Your credit score could mean as much as $45,000 in savings ... or expenses
Meanwhile, the Disney-Fox merger could cause customers of internet TV provider Sling to see changes in their subscription lineups. As it stands, Disney assets — which include ESPN and ABC channels — are part of one $25-a-month package. Fox properties are included in a separate, but same-priced option.
"That probably won't be sustainable," Greenfield said.
Additionally, the merger also means the combined company will control two-thirds of another streaming service, Hulu (each already own about a third). However, former bidding rival Comcast owns the remainder.
Greenfield said it's uncertain at this point what will happen with Hulu, given the current ownership structure.
The Disney-Fox merger, which is expected to be finalized by early next year, follows other consolidation in the industry. For instance, AT&T — which owns satellite provider DirectTV and has a captive network of smart-phone users — just completed its merger with Time Warner in June.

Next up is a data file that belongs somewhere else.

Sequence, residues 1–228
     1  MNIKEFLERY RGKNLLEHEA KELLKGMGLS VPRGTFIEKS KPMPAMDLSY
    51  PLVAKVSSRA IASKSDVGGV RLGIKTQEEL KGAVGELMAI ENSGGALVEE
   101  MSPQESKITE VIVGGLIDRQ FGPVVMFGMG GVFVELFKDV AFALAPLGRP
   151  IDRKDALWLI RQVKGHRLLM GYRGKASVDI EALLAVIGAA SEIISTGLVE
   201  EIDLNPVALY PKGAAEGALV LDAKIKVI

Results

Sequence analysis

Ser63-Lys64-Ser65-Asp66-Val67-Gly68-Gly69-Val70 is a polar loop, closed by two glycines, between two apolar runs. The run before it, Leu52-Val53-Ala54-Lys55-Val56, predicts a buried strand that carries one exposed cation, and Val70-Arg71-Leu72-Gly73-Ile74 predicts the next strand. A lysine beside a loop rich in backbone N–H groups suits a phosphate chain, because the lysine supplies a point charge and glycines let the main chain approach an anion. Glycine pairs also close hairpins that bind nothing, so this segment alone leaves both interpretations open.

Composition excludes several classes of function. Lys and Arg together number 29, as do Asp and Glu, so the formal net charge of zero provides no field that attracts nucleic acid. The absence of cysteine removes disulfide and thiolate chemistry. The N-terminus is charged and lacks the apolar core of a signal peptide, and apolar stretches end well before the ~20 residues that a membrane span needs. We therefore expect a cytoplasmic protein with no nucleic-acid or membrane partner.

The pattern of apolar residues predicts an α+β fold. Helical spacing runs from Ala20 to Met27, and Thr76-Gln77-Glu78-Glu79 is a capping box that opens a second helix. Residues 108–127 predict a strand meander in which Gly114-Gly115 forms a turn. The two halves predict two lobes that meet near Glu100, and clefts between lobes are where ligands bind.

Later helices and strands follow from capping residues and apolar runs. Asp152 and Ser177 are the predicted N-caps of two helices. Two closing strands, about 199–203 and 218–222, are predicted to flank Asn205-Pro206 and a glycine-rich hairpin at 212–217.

That deal brought together AT&T's distribution power and Time Warner's content (the company owned CNN, HBO and Warner Bros. film and TV studios).
Although Disney is aiming to position itself in a digitally driven media landscape, the company isn't expected to abandon its roots. In other words, you'll still likely have to head to the theater to see its new releases.
"Disney has been the most vocal of all the studios about the importance of maintaining theatrical movies," Greenfield said.
Disclosure: Comcast is the owner of NBCUniversal, parent company of CNBC and CNBC.com.